Angels complete first sweep since June

Scott Johnson, The Sports Xchange
The SportsXchange

SEATTLE -- Jered Weaver, on the verge of a complete game, understood why he wasn't allowed to finish the Los Angeles Angels' 7-1 win over the Seattle Mariners on Sunday.
Weaver said he wanted to come out for the ninth inning, but he accepted manager Mike Scioscia's decision to end his day.
"He had a little more left in him," Scioscia said, "but the 102 pitches were good enough. No use getting him up to 115 or 120. It was good to see him finish strong."
Behind Weaver's pitching and an offense that pounded out 14 hits, most of them coming with two outs, the Angels finished off a rare series sweep.
The Angels collected six extra-base hits, all of which came with two outs, while scoring four runs in the fourth inning and three in the sixth. Weaver and rookie reliever Cory Rasmus made the lead hold up as Los Angeles (58-71) earned its third consecutive win at Safeco Field. It was then Angels' first sweep since late June.
Weaver (8-7) matched his longest outing of the season, allowing just one run on three hits over eight innings. He struck out eight without giving up a walk. His only mistake resulted in a Dustin Ackley solo home run that gave the Mariners a 1-0 lead in the bottom of the third inning.
"One bad pitch," said Weaver, who threw a full-count curveball that Ackley hit over the right field fence in the third inning. "They say solo homers don't beat you, and that was proven (Sunday)."
Rasmus, making his Angels debut, pitched a scoreless ninth despite loading the bases.
Three doubles, two triples and Kole Calhoun's two-run homer helped the Angels build a big lead while chasing Seattle starter Aaron Harang from the game. All nine hits and seven runs allowed by Harang (5-11) came with two outs.
"He's a veteran guy. He has to be able to shut that down and get that final out," Mariners manager Eric Wedge said.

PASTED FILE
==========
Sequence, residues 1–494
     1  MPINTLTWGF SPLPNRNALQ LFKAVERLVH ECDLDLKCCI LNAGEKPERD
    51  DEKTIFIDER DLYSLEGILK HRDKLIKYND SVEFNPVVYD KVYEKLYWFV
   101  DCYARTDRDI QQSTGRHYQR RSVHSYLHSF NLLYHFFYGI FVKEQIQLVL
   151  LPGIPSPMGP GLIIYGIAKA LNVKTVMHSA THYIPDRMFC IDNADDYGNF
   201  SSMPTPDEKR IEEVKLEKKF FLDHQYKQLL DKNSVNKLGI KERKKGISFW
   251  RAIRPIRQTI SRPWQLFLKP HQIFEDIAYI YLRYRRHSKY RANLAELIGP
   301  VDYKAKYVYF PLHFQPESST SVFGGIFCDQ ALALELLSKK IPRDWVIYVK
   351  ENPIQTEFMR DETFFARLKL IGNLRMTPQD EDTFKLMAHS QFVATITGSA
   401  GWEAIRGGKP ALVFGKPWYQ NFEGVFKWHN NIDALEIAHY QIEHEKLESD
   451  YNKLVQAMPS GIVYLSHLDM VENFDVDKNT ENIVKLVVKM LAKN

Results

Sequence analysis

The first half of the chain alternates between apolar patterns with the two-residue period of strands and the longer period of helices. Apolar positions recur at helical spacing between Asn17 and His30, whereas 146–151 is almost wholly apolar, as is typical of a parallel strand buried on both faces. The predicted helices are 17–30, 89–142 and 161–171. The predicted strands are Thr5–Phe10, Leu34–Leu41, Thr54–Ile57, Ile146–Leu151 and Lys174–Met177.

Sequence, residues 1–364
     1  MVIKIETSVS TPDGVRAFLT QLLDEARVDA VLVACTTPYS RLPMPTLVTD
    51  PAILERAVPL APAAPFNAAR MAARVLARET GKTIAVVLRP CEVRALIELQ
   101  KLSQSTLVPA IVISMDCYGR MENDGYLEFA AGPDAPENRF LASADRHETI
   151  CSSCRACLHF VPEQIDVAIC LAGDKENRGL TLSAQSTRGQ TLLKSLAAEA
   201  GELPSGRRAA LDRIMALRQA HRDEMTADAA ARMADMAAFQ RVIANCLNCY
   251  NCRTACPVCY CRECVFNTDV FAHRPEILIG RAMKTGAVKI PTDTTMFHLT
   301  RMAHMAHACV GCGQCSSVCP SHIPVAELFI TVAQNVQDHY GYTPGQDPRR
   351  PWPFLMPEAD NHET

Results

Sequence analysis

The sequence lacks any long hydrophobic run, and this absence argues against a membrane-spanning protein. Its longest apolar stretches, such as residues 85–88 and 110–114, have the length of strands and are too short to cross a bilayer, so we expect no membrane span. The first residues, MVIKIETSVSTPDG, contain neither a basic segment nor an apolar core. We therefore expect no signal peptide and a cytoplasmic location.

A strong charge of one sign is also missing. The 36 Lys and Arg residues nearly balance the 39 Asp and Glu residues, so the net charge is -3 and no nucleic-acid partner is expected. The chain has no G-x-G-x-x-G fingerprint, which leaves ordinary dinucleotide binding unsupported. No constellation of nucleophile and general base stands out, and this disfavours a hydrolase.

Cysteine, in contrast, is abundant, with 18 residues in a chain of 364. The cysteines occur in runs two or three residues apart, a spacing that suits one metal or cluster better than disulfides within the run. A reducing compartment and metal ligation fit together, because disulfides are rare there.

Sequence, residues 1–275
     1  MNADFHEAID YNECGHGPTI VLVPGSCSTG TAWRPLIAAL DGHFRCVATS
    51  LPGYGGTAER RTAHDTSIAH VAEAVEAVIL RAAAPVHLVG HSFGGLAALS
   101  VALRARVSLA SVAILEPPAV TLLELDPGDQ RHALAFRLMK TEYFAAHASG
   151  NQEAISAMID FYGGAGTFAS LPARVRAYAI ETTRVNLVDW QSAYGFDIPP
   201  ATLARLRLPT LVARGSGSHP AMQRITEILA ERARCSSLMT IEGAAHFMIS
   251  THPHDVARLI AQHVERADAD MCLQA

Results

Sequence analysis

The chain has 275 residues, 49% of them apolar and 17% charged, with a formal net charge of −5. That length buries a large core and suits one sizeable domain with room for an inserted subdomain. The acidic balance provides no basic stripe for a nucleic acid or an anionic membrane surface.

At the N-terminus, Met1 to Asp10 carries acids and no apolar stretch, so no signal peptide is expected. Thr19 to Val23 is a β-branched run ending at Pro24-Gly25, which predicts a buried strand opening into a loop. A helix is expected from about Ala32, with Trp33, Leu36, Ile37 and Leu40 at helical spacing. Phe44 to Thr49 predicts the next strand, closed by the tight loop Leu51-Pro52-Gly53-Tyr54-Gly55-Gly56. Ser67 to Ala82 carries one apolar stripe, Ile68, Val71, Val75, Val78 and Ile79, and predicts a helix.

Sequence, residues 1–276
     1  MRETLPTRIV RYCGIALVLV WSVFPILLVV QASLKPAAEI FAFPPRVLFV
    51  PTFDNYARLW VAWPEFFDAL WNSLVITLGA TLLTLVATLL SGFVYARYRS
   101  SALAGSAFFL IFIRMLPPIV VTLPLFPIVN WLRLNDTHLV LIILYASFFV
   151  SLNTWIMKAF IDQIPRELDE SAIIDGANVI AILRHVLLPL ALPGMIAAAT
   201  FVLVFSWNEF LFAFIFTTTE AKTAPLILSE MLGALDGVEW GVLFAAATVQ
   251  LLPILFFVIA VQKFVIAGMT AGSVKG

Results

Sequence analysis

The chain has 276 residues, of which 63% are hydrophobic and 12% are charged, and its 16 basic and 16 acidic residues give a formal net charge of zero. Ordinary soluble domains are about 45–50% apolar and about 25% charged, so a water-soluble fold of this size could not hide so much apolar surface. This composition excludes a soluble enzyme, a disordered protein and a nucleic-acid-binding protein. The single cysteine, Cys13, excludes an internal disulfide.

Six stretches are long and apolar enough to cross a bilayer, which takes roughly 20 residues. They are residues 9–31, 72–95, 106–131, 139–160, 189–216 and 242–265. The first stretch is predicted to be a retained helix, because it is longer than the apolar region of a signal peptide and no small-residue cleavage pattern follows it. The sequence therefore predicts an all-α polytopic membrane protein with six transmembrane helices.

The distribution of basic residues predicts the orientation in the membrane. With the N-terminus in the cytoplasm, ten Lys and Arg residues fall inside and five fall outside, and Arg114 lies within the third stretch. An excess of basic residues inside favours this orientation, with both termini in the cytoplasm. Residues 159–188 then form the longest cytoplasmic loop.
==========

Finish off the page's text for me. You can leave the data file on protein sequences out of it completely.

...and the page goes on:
Harang, 35, has allowed seven or more earned runs in five of his 21 starts this season. In four 2013 starts against the Angels, he is 0-4 with a 10.38 ERA.
Los Angeles scored all four of its fourth-inning runs with two outs, thanks to five consecutive baserunners. Josh Hamilton and Mark Trumbo had back-to-back doubles, then Hank Conger was intentionally walked to set up Chris Nelson's two-RBI triple. Nelson then came around to score on a Grant Green single for a 4-1 Angels lead.
The first two Angels batters went down in the sixth inning as well, but another Green single, a Peter Bourjos RBI triple and Calhoun's two-run homer boosted the lead to 7-1.
"In both those situations, (Harang) was one pitch from getting out of it," Wedge said. "That domino (effect) has been a problem with him. He had some bad misses today, and they touched him up."
Three Angels had multiple hits in the game, including a 2-for-4 performance by Mike Trout. The second-year player is hitting .393 against the Mariners this season.
Ackley had two of Seattle's five hits. He was one of the few bright spots for the Mariners' offense during the three-game sweep. He went 5-for-10 during a series that saw Seattle (59-70) get outscored 14-2 while managing just 18 hits.
NOTES: The game was delayed for a couple minutes in the seventh inning, when the Angels complained about a fan's blinking light in center field. During a Trumbo at-bat, Scioscia came out to draw attention to the light, which umpires eventually asked the fan to turn off. ... Weaver earned his 13th career win against Seattle, matching his highest total against any opponent. The 30-year-old veteran also has 13 victories over the Texas Rangers. ... The Angels open a three-game series against Tampa Bay on Monday. The Rays are the only AL team Los Angeles has yet to face this season. ... Sunday might have been the final time the Mariners will face a right-handed starter this homestand. The Rangers' probables for the three-game series that begins Monday are all southpaws. ... Rasmus became the 46th player, and 25th pitcher, used by Los Angeles this season. He made three appearances for the Atlanta Braves earlier this year.

What to Read Next